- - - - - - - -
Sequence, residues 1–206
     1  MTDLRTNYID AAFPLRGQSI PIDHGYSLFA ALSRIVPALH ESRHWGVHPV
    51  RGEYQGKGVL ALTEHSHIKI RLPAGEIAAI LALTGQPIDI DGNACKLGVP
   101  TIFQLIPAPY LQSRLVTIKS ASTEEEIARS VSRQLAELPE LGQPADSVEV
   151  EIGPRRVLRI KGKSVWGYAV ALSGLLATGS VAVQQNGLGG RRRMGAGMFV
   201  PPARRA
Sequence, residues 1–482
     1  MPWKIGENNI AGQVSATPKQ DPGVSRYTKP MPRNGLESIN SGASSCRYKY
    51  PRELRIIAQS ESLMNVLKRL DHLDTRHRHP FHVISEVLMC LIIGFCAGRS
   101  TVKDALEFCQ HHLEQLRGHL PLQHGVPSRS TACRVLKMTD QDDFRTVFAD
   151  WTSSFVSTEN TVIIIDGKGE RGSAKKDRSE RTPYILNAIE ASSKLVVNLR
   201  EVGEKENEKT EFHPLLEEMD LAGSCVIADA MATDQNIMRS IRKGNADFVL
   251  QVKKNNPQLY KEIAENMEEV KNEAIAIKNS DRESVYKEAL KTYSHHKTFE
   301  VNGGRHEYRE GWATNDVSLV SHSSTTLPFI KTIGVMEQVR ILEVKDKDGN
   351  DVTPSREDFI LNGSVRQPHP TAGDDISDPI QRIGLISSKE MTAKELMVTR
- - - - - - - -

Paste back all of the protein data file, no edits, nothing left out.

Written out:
Sequence, residues 1–206
     1  MTDLRTNYID AAFPLRGQSI PIDHGYSLFA ALSRIVPALH ESRHWGVHPV
    51  RGEYQGKGVL ALTEHSHIKI RLPAGEIAAI LALTGQPIDI DGNACKLGVP
   101  TIFQLIPAPY LQSRLVTIKS ASTEEEIARS VSRQLAELPE LGQPADSVEV
   151  EIGPRRVLRI KGKSVWGYAV ALSGLLATGS VAVQQNGLGG RRRMGAGMFV
   201  PPARRA
Sequence, residues 1–482
     1  MPWKIGENNI AGQVSATPKQ DPGVSRYTKP MPRNGLESIN SGASSCRYKY
    51  PRELRIIAQS ESLMNVLKRL DHLDTRHRHP FHVISEVLMC LIIGFCAGRS
   101  TVKDALEFCQ HHLEQLRGHL PLQHGVPSRS TACRVLKMTD QDDFRTVFAD
   151  WTSSFVSTEN TVIIIDGKGE RGSAKKDRSE RTPYILNAIE ASSKLVVNLR
   201  EVGEKENEKT EFHPLLEEMD LAGSCVIADA MATDQNIMRS IRKGNADFVL
   251  QVKKNNPQLY KEIAENMEEV KNEAIAIKNS DRESVYKEAL KTYSHHKTFE
   301  VNGGRHEYRE GWATNDVSLV SHSSTTLPFI KTIGVMEQVR ILEVKDKDGN
   351  DVTPSREDFI LNGSVRQPHP TAGDDISDPI QRIGLISSKE MTAKELMVTR